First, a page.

The Energy Warp

New Security Strategy Can Reduce the Negative Effect of Oil Dependence on Foreign Policy

Peter Ogden outlines a strategy for boosting our national security by reducing dependence on oil from unstable and hostile regimes.

The House Foreign Affairs Committee will be holding a hearing on Thursday to discuss the national security implications of U.S. oil dependence, the dangers of which have become increasingly evident over the past six years. President Bush has lamented our country’s fundamental energy insecurity in each of his State of the Union addresses. Most recently, he notified us that “For too long our nation has been dependent on foreign oil.” Yet the United States remains without a viable strategy for meeting this challenge.

In order to fill this void, the National Security Task Force on Energy—which includes John Deutch, who will be testifying on Thursday, as well as former Secretary of State Madeleine Albright and several experts from the Center for American Progress—has developed a new comprehensive framework for tackling the full spectrum of unaddressed energy security issues, from climate change to nuclear proliferation to the global competition for scarce resources.

Thursday’s House Committee on Foreign Affairs hearing will focus on the impact of the United States’ dependence on oil from unstable and hostile regimes. The National Security Task Force recommends reducing the threat of this dependence by:

  • Investing more in the domestic production of biofuels with the goal of using renewable sources to produce at least 25 percent of the liquid fuels consumed in the United States by 2025.
  • Establishing a counter-cyclical tax on liquid fuels for cars, trucks, and airplanes that is triggered when the price of oil falls low. All revenue that is accrued from the tax should be dedicated to alternative energy R&D and the Low Income Home Energy Assistance Program.
  • Creating additional incentives and mandates to increase energy efficiency and reduce overall demand for transportation fuel and natural gas. Raising the Corporate Average Fuel Economy standards is one important step.
  • Promoting the exploration and production of oil and natural gas outside of Russia and OPEC countries, as well as investment in new transit routes. Several countries in the Caspian Sea region, for instance, present promising opportunities for further exploration, as they hold significant untapped oil reserves and provide some alternatives pipeline routes that bypass Russia and the Middle East.

As Secretary of State Condoleezza Rice said in testimony last year before the Senate Foreign Relations Committee, energy can “warp” diplomacy. There is clear evidence of such warping in our policy toward key oil supplying countries, from Venezuela to Saudi Arabia to Nigeria. Reducing our domestic demand for oil would give the United States greater freedom to pursue important geopolitical objectives other than a steady supply of oil.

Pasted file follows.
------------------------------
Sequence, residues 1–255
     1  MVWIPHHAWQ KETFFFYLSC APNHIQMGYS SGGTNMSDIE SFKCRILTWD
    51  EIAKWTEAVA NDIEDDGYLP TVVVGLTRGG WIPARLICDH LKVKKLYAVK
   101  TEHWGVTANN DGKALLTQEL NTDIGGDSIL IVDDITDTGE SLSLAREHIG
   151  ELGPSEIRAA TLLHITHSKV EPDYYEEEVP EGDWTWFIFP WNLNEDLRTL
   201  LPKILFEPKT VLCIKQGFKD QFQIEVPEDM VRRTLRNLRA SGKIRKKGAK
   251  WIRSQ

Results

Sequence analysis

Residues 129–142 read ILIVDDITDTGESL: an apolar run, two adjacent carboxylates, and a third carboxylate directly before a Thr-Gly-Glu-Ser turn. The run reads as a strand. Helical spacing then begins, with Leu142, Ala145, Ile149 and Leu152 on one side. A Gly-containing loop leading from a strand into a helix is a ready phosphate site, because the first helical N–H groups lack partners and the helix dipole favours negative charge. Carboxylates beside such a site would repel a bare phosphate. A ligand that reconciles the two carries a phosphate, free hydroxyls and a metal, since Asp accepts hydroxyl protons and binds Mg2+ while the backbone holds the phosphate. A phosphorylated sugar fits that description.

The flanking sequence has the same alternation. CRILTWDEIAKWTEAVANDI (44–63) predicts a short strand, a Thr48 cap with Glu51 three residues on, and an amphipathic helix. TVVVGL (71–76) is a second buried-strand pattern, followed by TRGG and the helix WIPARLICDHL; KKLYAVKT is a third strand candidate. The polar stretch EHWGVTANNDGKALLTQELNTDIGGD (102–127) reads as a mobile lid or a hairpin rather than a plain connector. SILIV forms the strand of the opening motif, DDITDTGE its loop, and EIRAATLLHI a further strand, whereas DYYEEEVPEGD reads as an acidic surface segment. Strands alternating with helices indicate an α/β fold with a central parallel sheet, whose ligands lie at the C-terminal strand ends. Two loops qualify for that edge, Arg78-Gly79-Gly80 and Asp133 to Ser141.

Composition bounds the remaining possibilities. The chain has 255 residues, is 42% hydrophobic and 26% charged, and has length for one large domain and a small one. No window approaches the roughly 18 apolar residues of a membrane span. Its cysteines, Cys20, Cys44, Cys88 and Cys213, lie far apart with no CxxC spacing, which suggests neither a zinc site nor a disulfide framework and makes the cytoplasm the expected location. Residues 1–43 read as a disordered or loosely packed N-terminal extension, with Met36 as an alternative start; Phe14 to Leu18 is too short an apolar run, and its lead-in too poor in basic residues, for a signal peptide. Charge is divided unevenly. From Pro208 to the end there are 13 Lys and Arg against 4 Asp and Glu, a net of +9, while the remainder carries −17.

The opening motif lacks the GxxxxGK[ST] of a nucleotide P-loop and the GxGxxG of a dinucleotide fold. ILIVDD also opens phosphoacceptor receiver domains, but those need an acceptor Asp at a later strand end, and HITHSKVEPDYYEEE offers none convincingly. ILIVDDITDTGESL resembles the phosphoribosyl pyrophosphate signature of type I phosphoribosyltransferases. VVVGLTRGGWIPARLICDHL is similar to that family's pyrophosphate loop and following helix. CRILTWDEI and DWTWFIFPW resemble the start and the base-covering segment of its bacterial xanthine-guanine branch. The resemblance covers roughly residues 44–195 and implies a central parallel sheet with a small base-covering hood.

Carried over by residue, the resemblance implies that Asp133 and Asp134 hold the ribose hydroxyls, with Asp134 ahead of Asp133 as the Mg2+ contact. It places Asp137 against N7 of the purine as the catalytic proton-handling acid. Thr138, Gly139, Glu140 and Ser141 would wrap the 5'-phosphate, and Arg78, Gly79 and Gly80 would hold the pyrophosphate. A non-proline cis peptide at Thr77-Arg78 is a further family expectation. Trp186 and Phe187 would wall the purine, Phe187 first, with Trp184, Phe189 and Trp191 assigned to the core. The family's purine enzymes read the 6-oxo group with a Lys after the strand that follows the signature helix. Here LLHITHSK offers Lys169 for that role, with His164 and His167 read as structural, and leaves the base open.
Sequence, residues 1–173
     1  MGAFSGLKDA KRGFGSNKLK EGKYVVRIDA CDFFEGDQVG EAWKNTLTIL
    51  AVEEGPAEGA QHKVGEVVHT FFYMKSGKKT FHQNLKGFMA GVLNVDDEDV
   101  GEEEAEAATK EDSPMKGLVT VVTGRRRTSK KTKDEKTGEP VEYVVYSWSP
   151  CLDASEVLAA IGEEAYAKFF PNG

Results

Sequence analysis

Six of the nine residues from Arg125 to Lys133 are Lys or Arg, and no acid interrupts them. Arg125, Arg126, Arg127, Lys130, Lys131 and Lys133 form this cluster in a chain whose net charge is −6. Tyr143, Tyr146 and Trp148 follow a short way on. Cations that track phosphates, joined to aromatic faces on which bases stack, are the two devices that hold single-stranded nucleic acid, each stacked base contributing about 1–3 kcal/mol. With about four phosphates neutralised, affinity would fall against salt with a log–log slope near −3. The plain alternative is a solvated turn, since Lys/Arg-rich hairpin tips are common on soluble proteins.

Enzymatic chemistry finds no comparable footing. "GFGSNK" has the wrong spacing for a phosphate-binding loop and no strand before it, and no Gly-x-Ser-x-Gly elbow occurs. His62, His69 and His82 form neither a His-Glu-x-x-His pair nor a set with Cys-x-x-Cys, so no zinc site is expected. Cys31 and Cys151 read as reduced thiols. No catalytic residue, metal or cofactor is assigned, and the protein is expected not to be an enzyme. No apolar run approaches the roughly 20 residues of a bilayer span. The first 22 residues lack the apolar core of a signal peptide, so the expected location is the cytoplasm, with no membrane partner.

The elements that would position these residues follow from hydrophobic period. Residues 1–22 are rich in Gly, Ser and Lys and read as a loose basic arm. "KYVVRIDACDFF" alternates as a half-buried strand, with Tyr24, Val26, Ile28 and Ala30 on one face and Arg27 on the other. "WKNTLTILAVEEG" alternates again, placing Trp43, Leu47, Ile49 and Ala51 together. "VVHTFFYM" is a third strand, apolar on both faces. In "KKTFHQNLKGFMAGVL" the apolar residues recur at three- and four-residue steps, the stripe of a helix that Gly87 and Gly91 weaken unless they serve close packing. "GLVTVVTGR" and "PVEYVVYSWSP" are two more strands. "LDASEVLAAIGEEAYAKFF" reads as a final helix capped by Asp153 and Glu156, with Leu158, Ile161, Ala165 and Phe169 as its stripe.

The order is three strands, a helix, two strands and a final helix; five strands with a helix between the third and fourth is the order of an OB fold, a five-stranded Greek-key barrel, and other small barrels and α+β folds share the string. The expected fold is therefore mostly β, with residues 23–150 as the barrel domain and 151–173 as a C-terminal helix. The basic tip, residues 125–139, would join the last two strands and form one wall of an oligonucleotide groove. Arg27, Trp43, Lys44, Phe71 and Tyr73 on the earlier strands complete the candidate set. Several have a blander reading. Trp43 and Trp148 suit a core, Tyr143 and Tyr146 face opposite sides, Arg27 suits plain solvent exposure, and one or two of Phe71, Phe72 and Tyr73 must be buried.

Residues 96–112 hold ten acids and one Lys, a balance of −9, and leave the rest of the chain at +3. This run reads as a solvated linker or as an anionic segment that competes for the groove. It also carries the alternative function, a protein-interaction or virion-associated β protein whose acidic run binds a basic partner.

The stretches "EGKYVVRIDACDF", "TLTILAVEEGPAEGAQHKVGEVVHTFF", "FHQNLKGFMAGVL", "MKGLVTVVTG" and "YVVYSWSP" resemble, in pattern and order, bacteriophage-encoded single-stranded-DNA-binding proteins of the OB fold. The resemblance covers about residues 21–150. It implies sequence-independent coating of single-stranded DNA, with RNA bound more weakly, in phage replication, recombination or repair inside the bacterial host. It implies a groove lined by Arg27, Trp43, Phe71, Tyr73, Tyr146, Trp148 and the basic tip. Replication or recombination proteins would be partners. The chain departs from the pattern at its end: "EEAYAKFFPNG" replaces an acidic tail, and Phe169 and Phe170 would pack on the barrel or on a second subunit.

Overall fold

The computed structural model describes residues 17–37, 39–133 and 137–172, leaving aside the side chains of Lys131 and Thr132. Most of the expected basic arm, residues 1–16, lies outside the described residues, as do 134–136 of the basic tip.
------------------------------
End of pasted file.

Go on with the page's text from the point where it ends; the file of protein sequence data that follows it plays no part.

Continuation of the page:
What is less evident is that the United States’ national security interests are also undermined by the rest of the world’s energy dependence. Our European allies, for example, are becoming increasingly reliant on Russia for natural gas, which could compromise their ability to negotiate effectively with Russia on a range of important international objectives.

In January 2006 Russia demonstrated a willingness to use its energy exports as a political tool. In the run-up to the Ukrainian parliamentary election, it dramatically raised natural gas prices and then cut off supply altogether when Ukraine refused to pay the new rate. This energy crisis eroded popular support for the pro-Western government of Orange Revolution hero Viktor Yushchenko and bolstered Moscow’s influence.

But it is not just the energy dependence of our friends and allies that should concern the United States. China’s hunt for energy, for instance, all too often leads it to invest in precisely those countries that the United States is trying to isolate, since this means less international competition and therefore more favorable terms for the Chinese. Sudan and Iran, two countries in which the United States will not allow its oil companies to operate, are cases in point. Yet the deeper that China’s dependence on Sudan and Iran becomes, the more difficult it is to persuade China to support United Nations Security Council sanctions or other multilateral actions against them. For these reasons among others, the United States needs to develop a much stronger and more constructive energy relationship with China, as suggested by the National Security Task Force on Energy.

The threat posed by energy dependence is urgent. Yet we can greatly reduce the national security threats associated with oil dependence by taking the steps outlined above. Let us hope that the 110th Congress uses this hearing on Thursday to begin moving the country—and the world—in the right direction.

Peter Ogden, Senior Policy Analyst, works on energy security issues at the Center for American Progress in Washington, D.C.

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Pete Ogden

Senior Fellow